Mishpatim and Freedom - Rabbi Samuel M. Cohon's Sermon Mishpatim 5777

February 24, 2017
Rabbi Samuel M. Cohon
Temple Emanu-El
Tucson, Arizona

The great 1960’s comedian, Alan Sherman, most famous for his song “Hello Muddah Hello Faddah”, once wrote a book about restrictions on human behavior. In it, he decided to invent a new religion, which would have only one commandment: Thou shalt not stuff 37 tennis balls down the toilet. In great excitement he went to a sign painter to create the tablet of this new covenant, and asked him to make up a huge sign with that commandment on it. But the sign painter refused.

“Friend,” he said, “I’m going to do you a big favor. I’m not going to paint your sign. Because if I paint it, the day after the sign goes up, there will be a run on sporting goods stores. Tennis balls will sell like hotcakes, and plumbers will be working round the clock. The virtuous among us will only stuff 36 tennis balls down their toilets. Normal sinners will stuff 37 tennis balls down their toilets. And the truly wicked will stuff 38 tennis balls down their toilets. Friend, we human beings are many things; but we all of us are perverse.”

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For Argument’s Sake - Rabbi Samuel M. Cohon's Sermon Vayeitzei 5777

December 9, 2016
Rabbi Samuel M. Cohon
Temple Emanu-El
Tucson, Arizona

The noise we have been hearing in the past few weeks about a rising tide of Anti-Semitism right here in America is disturbing.  The thing about Anti-Semitism is that just when you think it has receded from view and is no longer a serious problem in one sector of society or one nation in the world, it comes back…  and there is now increasing concern that Anti-Semitism is making strong inroads here in the United States.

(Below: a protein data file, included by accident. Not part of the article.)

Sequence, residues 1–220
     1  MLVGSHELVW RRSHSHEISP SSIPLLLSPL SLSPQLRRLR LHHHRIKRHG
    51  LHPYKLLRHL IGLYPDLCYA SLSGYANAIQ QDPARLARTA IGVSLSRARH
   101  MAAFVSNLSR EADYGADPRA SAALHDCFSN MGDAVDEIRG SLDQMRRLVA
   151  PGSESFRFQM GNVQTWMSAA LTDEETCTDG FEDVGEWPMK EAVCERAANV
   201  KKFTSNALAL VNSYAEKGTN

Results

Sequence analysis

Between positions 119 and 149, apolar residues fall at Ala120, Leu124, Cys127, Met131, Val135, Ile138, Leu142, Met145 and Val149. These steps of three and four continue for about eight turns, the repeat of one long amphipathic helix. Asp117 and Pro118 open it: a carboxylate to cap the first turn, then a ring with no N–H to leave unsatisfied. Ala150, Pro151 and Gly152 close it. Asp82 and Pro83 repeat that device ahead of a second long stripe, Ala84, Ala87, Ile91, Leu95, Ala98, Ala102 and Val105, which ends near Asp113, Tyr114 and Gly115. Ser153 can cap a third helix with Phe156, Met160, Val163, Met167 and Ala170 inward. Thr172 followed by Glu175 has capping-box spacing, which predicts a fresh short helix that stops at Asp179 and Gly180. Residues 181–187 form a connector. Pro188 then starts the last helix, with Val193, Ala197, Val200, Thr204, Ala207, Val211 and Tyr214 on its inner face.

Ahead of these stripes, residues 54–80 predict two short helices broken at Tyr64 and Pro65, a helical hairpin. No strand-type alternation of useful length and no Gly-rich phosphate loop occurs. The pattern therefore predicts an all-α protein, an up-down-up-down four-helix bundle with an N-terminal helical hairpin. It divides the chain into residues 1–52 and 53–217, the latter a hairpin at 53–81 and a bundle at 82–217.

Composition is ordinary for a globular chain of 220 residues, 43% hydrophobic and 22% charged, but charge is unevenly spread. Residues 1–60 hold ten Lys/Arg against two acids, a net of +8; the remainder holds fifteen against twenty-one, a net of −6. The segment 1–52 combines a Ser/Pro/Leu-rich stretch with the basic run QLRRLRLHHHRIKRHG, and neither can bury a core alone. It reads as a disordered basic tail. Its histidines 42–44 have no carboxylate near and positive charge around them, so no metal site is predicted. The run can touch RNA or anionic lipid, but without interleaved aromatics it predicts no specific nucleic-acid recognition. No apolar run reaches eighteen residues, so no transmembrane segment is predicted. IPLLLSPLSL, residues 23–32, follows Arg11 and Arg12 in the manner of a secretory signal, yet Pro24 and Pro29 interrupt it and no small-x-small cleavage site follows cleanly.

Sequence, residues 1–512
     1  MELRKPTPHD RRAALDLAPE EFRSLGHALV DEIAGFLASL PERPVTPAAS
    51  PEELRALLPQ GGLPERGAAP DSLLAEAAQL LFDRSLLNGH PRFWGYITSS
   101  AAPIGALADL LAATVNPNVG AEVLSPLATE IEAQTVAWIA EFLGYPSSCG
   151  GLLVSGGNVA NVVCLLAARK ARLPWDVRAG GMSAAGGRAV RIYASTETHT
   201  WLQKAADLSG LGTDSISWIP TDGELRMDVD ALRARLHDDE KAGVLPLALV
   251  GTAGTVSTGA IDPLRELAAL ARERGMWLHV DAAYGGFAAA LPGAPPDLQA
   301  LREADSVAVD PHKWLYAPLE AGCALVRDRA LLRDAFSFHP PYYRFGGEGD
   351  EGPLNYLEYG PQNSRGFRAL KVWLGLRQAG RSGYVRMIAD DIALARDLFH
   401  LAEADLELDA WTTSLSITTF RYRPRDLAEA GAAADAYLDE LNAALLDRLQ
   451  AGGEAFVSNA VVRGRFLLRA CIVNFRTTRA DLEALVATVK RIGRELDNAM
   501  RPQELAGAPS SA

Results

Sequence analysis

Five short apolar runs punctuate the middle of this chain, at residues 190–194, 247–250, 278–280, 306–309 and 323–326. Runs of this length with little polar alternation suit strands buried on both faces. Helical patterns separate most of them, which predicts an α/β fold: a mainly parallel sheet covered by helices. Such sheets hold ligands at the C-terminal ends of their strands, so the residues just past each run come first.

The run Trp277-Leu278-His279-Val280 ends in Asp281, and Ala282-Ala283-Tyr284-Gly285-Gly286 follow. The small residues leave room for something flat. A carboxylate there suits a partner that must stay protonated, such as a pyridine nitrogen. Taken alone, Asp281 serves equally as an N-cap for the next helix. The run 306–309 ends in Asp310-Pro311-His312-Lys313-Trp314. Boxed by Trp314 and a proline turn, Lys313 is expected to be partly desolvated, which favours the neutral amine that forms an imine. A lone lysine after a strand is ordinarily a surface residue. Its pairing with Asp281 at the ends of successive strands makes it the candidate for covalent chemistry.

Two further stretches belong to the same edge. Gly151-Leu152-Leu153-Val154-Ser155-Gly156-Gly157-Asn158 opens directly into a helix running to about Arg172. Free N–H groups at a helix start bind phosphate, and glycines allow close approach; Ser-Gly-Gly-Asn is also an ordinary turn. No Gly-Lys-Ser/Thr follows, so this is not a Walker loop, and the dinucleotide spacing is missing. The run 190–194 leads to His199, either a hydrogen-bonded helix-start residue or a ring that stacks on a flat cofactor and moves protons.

The new American Jewish concern about heightened degrees of Anti-Semitism comes as a result of some of the very ugly themes of the recent presidential election campaign, particularly the focus it brought to what is called the Alt-Right movement, and the alternative—that is, fake—news that some of its elements have spawned.  There were a number of instances during the presidential campaign and its immediate aftermath of anti-Semitic chants, of reporters blasted with anti-Semitic and neo-Nazi harangues, of commercials that hinted at Nazi-era slurs about Jewish control of world finance or the media, and other disturbing incidents that we haven’t seen in America in many years.

Read more: For Argument’s Sake - Rabbi Samuel M. Cohon's Sermon Vayeitzei 5777

The Good News/Bad News Dichotomy - Rabbi Samuel M. Cohon's Sermon Vayera 5777

November 18, 2016
Rabbi Samuel M. Cohon
Temple Emanu-El
Tucson, Arizona

Members of the Board of Directors are visiting the rabbi, who is in the hospital.  “I have good news and bad news,” the delegation leader says.

“What’s the good news?” the rabbi asks.

“The board voted to wish you a refuah shleimah, a speedy healing.”

“Thank you!” says the rabbi.  “But what’s the bad news?”

And the delegation leader says, “The vote was 10 to 9.”

Good news/bad news indeed…

Read more: The Good News/Bad News Dichotomy - Rabbi Samuel M. Cohon's Sermon Vayera 5777

The Social Covenant - Rabbi Samuel M. Cohon's Sermon Noach 5777

November 4, 2016
Rabbi Samuel M. Cohon
Temple Emanu-El
Tucson, Arizona